- Table View
- List View
When We Were Very YoungChildren's Books delight the young and the young at heart. From the gentle ritual of Goodnight Moon to the incredible odyssey of bad boy Max in Where the Wild Things Are, these timeless tales remain with us as certainly as a mother's hug.Collecting Children's Books showcases some of the finest books and accompanying artwork from 1900 to the present in a warm, informative and exquisite fashion, reminding us all of the joy found in this transcendent genre. From Winnie-the-Pooh to Curious George, Alice in Wonderland to Mary Poppins, and from The Poky Little Puppy to The Very Hungry Caterpillar, you will enjoy a treasure trove of remarkable--and highly collectible--children's literature.This delightful hardcover book features:More than 100 years of classic and collectible Children Books, including values for signed and unsigned First Edition works.500 color imagesOriginal art from such masters as Garth Williams (Charlotte's Web, Stuart Little), Maurice Sendak (Where the Wild Things Are) and Dr. Seuss.Collecting tips, what to look for when buying, and lists of suggested readings by era for those seeking to rediscover the pleasure--and value--found in children's literature.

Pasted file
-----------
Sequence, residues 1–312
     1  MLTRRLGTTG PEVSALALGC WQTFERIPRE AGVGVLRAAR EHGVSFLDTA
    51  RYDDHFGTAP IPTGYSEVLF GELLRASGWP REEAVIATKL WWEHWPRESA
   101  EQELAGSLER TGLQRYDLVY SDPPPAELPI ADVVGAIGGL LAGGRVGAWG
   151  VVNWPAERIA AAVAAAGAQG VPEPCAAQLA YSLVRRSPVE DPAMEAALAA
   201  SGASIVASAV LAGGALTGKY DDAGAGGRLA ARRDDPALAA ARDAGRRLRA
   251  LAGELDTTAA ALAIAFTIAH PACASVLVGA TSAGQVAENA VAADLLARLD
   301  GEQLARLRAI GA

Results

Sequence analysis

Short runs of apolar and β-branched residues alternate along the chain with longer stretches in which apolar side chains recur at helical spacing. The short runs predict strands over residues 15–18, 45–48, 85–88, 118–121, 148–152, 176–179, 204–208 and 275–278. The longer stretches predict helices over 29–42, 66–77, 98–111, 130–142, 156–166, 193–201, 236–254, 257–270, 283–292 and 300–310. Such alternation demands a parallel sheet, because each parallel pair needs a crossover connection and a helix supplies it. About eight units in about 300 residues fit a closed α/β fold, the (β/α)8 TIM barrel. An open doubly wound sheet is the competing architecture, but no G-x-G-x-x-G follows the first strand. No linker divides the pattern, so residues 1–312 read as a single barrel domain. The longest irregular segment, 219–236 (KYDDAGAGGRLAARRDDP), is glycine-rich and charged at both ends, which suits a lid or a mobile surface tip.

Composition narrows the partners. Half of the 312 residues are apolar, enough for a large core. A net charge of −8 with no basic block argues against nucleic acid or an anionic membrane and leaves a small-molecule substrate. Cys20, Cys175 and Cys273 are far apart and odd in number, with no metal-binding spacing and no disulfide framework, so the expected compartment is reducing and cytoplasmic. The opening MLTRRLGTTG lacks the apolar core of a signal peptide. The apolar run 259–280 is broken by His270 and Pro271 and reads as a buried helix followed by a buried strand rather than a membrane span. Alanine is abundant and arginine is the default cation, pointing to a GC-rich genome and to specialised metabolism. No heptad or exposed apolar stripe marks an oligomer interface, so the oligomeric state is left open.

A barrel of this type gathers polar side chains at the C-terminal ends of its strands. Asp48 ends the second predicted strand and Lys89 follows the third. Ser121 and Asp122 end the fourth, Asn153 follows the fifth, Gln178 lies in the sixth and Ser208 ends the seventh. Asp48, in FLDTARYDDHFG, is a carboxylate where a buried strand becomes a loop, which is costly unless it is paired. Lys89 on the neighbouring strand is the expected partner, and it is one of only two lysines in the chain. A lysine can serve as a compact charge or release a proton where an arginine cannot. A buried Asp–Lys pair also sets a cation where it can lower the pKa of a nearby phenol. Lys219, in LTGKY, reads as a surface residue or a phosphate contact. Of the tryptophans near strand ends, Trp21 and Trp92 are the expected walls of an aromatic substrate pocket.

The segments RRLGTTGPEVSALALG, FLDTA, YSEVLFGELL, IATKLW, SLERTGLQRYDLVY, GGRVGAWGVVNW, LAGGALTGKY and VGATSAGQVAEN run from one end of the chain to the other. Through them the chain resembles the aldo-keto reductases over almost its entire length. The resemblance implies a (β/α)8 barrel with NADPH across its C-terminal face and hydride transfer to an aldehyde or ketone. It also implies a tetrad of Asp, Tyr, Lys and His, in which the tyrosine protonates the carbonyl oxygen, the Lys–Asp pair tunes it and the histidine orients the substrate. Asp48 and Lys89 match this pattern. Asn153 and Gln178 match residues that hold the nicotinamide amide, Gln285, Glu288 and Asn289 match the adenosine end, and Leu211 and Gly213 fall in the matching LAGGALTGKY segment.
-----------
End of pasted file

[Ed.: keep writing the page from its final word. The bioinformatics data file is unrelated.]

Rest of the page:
From the introduction:I've carried a concealed handgun for more than thirty years, but if you think this book is about me trying to persuade you to carry one too, you would be mistaken.For 27 of those years I was a cop. I learned very quickly that the police can't protect individual citizens from violence. We would like to. We are willing to risk our lives to try. But to assume cops can be everywhere the thugs are, is not college-level thinking. Many good people understand this, and wonder whether carrying a concealed firearm on the streets would make them safer. Like most beat cops and working deputies I know, I support the right of responsible citizens to arm themselves. You see, we know better than most that, "When seconds count, the cops are only minutes away."